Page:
• The Syndicate: Literally with the Syndicate, a criminal version of America's world-spanning super spy group, the IMF. Defied in that it isn't technically a criminal version, but just a super-covert British version — and it doesn't quite exist yet, as their goal during the movie is to procure the funds to become fully active.
    Prime Minister: It was the hypothetical brainchild of Chief Atlee. Recruit former agents from other nations, supply them with a new identity, and use them to surgically remove our enemies, both at home and abroad. Its operating budget was to be hidden off-shore in a virtual red box which I alone would control. It would have made me judge, jury, and executioner, with zero accountability.
  • Take a Third Option:
    • What does Hunt do when faced with two snipers about to kill the Chancellor and only one bullet? He shoots the Chancellor in the shoulder, which causes him to fall to the ground and makes both snipers miss.
    • Discussed in-universe by Ilsa Faust, after she and Ethan meets and she gives him three choices on how to proceed from the situation he's in right now. First is by turning her and the MacGuffin in to the CIA and hoping that it would be enough to prove the existence of The Syndicate (which is highly unlikely). Second is leaving her to her fate and attempting to take down Lane on his own (also highly unlikely). The third choice? Screw everything and run away together with her, since both of them have outlived their usefulness to their own governments who don't care whether they live or die, and that even if they succeed in pulling everything off, there will always be people like Lane to create further menace and people like them to try and stop it, so nothing really changes. Subverted in a sense in that all of this is a distraction for Ethan while The Syndicate kidnaps Benji. Then double subverted because meeting with Ilsa gives Ethan enough clues to put two and two together and correctly concluded that Ilsa's boss Atlee, the head of MI6, has ties with The Syndicate, presenting him with the very third option he's looking for.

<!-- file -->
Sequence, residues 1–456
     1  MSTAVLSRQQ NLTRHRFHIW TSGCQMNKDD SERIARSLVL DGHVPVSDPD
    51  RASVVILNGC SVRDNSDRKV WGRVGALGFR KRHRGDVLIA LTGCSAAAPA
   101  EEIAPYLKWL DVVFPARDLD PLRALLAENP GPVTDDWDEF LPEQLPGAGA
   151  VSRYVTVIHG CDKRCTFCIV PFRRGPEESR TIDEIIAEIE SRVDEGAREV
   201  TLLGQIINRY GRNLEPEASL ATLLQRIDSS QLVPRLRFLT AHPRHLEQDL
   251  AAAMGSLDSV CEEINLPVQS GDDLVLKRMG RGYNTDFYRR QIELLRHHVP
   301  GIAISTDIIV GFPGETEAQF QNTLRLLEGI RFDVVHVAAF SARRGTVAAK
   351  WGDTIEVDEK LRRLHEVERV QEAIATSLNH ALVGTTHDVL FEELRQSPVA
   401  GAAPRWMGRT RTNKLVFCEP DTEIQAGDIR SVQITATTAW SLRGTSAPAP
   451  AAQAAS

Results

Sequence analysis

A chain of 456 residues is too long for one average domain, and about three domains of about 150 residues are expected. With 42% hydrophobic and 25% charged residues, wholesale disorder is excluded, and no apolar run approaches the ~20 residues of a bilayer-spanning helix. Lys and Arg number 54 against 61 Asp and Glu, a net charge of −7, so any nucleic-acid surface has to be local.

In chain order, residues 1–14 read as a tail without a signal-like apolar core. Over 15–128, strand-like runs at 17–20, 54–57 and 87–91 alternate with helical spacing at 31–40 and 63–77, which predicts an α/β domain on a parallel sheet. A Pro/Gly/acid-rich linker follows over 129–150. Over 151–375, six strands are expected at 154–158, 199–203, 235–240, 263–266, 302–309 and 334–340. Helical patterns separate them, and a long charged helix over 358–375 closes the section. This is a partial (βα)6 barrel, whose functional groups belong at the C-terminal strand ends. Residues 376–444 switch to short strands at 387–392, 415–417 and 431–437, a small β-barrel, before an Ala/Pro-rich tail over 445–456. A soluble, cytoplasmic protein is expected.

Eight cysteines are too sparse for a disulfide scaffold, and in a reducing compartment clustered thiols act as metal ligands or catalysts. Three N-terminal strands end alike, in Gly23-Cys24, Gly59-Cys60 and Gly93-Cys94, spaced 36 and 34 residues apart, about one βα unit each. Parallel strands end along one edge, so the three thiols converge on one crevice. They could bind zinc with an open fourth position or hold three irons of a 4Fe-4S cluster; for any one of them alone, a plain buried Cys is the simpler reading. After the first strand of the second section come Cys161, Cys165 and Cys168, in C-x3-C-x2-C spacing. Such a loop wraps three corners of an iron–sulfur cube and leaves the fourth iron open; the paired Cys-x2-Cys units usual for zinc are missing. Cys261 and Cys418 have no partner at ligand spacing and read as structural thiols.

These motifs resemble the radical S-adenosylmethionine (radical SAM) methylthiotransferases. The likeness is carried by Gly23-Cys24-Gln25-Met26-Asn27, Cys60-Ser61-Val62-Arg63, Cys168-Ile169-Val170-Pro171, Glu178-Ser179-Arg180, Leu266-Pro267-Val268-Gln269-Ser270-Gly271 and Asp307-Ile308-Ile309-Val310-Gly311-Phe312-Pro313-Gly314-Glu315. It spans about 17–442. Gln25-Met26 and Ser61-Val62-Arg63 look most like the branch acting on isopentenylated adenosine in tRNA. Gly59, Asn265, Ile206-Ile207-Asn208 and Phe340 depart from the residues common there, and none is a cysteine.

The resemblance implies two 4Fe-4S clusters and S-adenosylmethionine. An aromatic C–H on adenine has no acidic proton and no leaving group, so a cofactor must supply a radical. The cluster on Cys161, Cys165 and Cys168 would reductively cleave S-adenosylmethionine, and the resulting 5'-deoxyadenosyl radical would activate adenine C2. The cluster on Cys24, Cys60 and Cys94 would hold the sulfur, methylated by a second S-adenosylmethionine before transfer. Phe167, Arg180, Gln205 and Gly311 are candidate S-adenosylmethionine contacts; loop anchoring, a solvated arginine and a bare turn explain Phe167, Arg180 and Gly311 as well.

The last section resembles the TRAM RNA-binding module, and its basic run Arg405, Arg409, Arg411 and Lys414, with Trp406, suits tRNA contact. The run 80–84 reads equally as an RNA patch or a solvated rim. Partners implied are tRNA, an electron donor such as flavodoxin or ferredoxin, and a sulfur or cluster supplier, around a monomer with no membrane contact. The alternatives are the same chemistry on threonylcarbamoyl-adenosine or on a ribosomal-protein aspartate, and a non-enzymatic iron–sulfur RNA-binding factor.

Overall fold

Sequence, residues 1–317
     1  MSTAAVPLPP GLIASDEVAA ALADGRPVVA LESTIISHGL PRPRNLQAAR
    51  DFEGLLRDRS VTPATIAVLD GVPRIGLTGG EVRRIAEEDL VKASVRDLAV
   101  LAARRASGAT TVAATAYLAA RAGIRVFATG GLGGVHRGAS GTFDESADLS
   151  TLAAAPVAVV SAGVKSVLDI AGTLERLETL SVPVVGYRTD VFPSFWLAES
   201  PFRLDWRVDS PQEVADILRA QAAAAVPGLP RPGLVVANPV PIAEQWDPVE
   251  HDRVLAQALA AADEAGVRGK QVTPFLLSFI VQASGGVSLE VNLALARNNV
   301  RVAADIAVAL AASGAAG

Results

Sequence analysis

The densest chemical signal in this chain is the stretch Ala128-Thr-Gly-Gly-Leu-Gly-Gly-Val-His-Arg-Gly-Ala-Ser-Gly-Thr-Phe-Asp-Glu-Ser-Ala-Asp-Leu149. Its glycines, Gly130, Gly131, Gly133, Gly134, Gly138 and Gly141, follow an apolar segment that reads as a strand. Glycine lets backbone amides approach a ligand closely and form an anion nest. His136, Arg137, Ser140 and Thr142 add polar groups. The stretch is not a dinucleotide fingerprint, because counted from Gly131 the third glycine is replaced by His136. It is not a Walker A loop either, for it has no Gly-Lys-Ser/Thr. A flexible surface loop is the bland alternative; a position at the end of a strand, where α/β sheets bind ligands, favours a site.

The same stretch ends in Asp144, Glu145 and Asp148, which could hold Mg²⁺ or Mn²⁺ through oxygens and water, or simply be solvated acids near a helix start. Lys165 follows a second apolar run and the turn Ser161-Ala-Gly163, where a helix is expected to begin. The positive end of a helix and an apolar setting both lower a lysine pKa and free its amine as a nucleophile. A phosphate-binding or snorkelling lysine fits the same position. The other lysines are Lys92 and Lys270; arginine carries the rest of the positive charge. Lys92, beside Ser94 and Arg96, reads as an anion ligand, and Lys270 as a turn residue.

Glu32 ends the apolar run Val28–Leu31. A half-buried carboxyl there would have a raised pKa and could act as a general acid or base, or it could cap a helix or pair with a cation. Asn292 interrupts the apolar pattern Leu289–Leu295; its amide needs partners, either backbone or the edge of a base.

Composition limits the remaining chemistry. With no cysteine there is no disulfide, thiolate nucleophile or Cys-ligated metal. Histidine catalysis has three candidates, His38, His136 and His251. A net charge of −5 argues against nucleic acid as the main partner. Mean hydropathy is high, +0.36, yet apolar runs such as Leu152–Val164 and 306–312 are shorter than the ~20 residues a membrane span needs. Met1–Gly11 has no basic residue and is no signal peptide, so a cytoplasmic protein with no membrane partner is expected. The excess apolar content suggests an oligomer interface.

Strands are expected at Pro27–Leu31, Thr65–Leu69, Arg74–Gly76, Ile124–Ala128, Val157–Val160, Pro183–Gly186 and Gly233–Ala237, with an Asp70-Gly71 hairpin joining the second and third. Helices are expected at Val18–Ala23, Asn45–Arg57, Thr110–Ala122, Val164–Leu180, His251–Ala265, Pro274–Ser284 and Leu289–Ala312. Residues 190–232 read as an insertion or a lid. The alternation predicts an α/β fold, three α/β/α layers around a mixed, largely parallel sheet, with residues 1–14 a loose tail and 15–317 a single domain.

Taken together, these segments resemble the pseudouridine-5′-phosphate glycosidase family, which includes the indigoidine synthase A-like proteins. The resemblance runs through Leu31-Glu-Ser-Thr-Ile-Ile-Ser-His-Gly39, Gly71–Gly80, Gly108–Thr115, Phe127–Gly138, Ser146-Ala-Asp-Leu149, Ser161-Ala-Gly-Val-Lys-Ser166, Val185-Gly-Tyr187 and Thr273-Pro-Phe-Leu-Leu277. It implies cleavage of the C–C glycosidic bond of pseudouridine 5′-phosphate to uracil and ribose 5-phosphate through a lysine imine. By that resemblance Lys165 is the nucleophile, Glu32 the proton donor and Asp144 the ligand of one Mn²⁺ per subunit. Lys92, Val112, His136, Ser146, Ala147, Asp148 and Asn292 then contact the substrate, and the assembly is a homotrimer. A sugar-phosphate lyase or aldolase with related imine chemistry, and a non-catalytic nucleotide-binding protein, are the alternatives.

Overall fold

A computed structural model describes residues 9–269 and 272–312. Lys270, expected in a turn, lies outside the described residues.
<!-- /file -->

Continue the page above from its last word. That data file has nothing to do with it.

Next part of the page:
• Tempting Fate:
    • Director Hunley says to Brandt, "Ethan Hunt is living his last day as a free man." Cut to six months later, Ethan is still at large, and is hiding out in Paris.
    • "Nothing is going to happen to me," says the prime minister of Austria, right before the vehicle is in blows up.
    • Holding your breath for three minutes? "Not impossible," says Benji. Thanks to complications, it is, though Ilsa saves Hunt from drowning.
  • Time-Passage Beard: After Ethan goes on the run, the story skips forward six months, and Ethan has grown an untidy beard.
  • Title Drop:
    • Ethan drops the subtitle of the movie while describing the Syndicate.
      Ethan: The Syndicate is real. A rogue nation, trained to do what we do.
    • IMF also continues to stand for "Impossible Mission Force".